The afternoon of fun didn’t completely dissolve the tension between Hekate and Marcia. When it was time to leave the boys and head back to her house, Hekate’s mood was already beginning to drop. The car ride back was silent. Hekate’s eyes never left the slew of trees as they rushed by. Her mind was completely blank.
“You’ve been quiet,” Marcia commented as she pulled into the driveway.
Hekate’s bottom lip twitched up into a pout before dropping. “Yeah.”
She grinned. “I told you. Love would stop you from your insanity. If anything would do it, that would!”
Hekate’s lips pinched together as she bit down on them. She knew Marcia was trying to lighten the mood with sarcasm, but there was a hint of truth behind the words. She was hurt. Marcia believed she would choose a boy over her as a reason to live.
Deciding she didn’t want either of them to dwell on it anymore, she lifted her head to grin back. “Enough about what hasn’t even happened yet and what could possibly never happen! Do you want to go to the club tonight?”
Marcia’s eyes narrowed for a moment as her grin wavered, shocked by the sudden change in topic. Choosing the accept it, her smile returned.. “I already told the boys to meet us there tonight.”
“Of course you did,” Hekate said as she rolled her eyes. “You know there is no guarantee I can go, yet. I still need to ask my mom.”
Marcia reached into her pocket and pulled out her phone. She held it up as her grin turned mischievous. “She said it was okay as long as we were going in a group. I already asked for you.”
As Hekate climbed out of the car, her mouth dropped. “You texted my mom?”
She shrugged, slamming the car door behind her. “Of course I did. I’m not letting you out of my sight! Not after the last stunt you pulled!”
Hekate reached for her keys to unlock the door. “I didn’t pull anything. I have no control over when mystical beings appear in my dreams.”
Moro suddenly manifested before them as she opened the door. “You don’t have control over them, but you do over yourself.”
“See?” Marcia said, her arm pointed towards the white wolf, “Even your spirit guide agrees with me!”
Muninn manifested on Marcia’s extended arm. “My sister has a point.”
“Oh my God!” Hekate exclaimed. “Can the audience shut up and leave me alone? What’s done is done! Geez!”
As she began to make her way up the stairs, she realized none of them had responded to her exclamation. Not only that, but she couldn’t hear their footsteps following hers. When she reached the top of the stairs, she turned to see what they were doing. She wasn’t prepared for what happened next.
Marcia suddenly charged at her, hand extended. Moro leapt onto Hekate’s chest, knocking her to the floor, while Muninn landed on one of her arms, continually flapping his wings, securing her to the ground.
“What the – ” she yelled.
Moro quickly shifted to lay on the opposite arm, as Marcia’s knees fell on either side of Hekate’s hips. She sat on her stomach, holding her down. Reaching forward, she pulled Hekate’s shirt down, slapping her hand onto the brand. In a panic, Hekate began to struggle against the animals holding her down, attempting to free her hands to push her best friend away.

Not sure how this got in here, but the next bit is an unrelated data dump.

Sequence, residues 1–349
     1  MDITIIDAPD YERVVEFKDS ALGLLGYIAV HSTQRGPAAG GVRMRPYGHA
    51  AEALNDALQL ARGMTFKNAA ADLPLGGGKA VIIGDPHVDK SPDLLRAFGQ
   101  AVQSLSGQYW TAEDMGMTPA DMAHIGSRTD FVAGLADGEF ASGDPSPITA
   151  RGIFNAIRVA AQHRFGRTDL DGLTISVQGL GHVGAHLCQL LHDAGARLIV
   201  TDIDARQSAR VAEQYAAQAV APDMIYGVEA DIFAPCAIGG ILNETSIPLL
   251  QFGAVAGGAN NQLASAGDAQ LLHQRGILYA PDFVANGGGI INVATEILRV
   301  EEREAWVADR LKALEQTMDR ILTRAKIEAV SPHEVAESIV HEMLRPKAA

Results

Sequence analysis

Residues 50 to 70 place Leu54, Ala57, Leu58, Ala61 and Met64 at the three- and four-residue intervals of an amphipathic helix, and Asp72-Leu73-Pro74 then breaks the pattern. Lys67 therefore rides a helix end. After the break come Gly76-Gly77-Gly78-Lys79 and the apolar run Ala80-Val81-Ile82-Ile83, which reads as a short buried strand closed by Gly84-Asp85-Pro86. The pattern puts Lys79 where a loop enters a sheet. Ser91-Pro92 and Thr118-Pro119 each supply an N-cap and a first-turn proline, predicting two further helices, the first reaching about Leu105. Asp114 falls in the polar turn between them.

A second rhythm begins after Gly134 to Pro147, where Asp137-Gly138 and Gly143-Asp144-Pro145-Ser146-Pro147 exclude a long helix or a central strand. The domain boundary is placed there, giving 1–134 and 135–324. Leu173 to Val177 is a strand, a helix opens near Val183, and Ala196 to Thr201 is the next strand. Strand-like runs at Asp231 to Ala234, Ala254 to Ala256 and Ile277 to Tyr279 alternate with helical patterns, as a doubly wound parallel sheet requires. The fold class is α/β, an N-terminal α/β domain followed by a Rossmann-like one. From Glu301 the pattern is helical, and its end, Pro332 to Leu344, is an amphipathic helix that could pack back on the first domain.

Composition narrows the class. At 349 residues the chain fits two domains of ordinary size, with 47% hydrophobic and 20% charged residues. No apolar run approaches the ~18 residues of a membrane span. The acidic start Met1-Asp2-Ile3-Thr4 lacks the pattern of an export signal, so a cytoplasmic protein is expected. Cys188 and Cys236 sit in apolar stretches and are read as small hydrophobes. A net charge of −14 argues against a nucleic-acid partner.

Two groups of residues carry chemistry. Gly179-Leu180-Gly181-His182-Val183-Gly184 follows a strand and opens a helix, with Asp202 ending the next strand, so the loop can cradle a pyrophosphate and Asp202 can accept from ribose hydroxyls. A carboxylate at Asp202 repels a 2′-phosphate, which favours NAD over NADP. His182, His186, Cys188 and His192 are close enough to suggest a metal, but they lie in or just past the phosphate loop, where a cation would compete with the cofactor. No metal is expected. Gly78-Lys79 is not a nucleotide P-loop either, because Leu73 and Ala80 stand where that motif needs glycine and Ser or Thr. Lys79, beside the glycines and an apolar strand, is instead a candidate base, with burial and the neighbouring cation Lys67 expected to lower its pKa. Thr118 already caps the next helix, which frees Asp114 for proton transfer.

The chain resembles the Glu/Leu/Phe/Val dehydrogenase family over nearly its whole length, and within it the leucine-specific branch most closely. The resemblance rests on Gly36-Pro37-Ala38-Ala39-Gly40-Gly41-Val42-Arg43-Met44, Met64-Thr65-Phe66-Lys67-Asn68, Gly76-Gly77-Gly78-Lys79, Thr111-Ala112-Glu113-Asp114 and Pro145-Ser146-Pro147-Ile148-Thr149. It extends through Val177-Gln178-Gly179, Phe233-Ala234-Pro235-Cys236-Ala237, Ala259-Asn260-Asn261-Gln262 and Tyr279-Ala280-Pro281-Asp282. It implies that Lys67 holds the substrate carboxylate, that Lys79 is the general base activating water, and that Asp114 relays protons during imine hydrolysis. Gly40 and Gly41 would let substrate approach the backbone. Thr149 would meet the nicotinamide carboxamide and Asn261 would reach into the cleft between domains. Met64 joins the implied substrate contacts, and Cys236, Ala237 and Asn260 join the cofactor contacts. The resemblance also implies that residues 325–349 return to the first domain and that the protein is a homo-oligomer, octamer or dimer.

But as Marcia pressed harder onto the brand, Hekate realized it. There was nothing. It wasn’t like the last time. There were no voices, no wind, nothing; Only the burning on her chest. Hekate exhaled in relief as the realization washed over her.
Marcia cursed, “What the hell?”
Muninn flapped his wings once more, his talons releasing Hekate’s arm. “Nothing can be done.”
Moro, too, stepped back. Her lips were pulled back, exposing her teeth in anger. “We cannot repeat the process.”
Marcia did not move. She, instead, pressed harder. “You’ve got to be kidding me! Why can’t I take the mark? Why?”
Hekate let her head fall back onto the floor as she began to chuckle. “I don’t know, and I don’t care.”
Moro made a sound that imitated a snort as her head shook. “Whatever Death did changed the brand. It is still War’s mark, but it cannot be transferred now. There is nothing we can do.”
Feeling something wet fall onto her chest, Hekate opened her eyes to see the black stained tears staining Marcia’s cheeks. “God damn it!”
Peeling the hand from her chest, Hekate leaned forward to pull Marcia into a hug. She held onto her tight as she cried. Glancing to the side, she noticed Moro was watching them. Her head hung low in defeat as she watched them. Muninn, too, stood next to his sister. She suspected he must have moved when she pulled Marcia down.
Sighing, Hekate tightened her arms. “I’ll be fine. We will both be fine. I told you. I’m not going to stop fighting. Just because I’ve accepted a potential fate, does not mean I’ve given up. I’m just a pessimist. That’s what I do.”
It took a few minutes for Marcia to catch her breath. But when she did, she slowly pulled away from Hekate’s arms, moving to lean against the wall. Her face was smeared with black eyeliner and mascara. “You better not. If you die, I’ll bring you back and beat you so hard, it will kill you a second time.”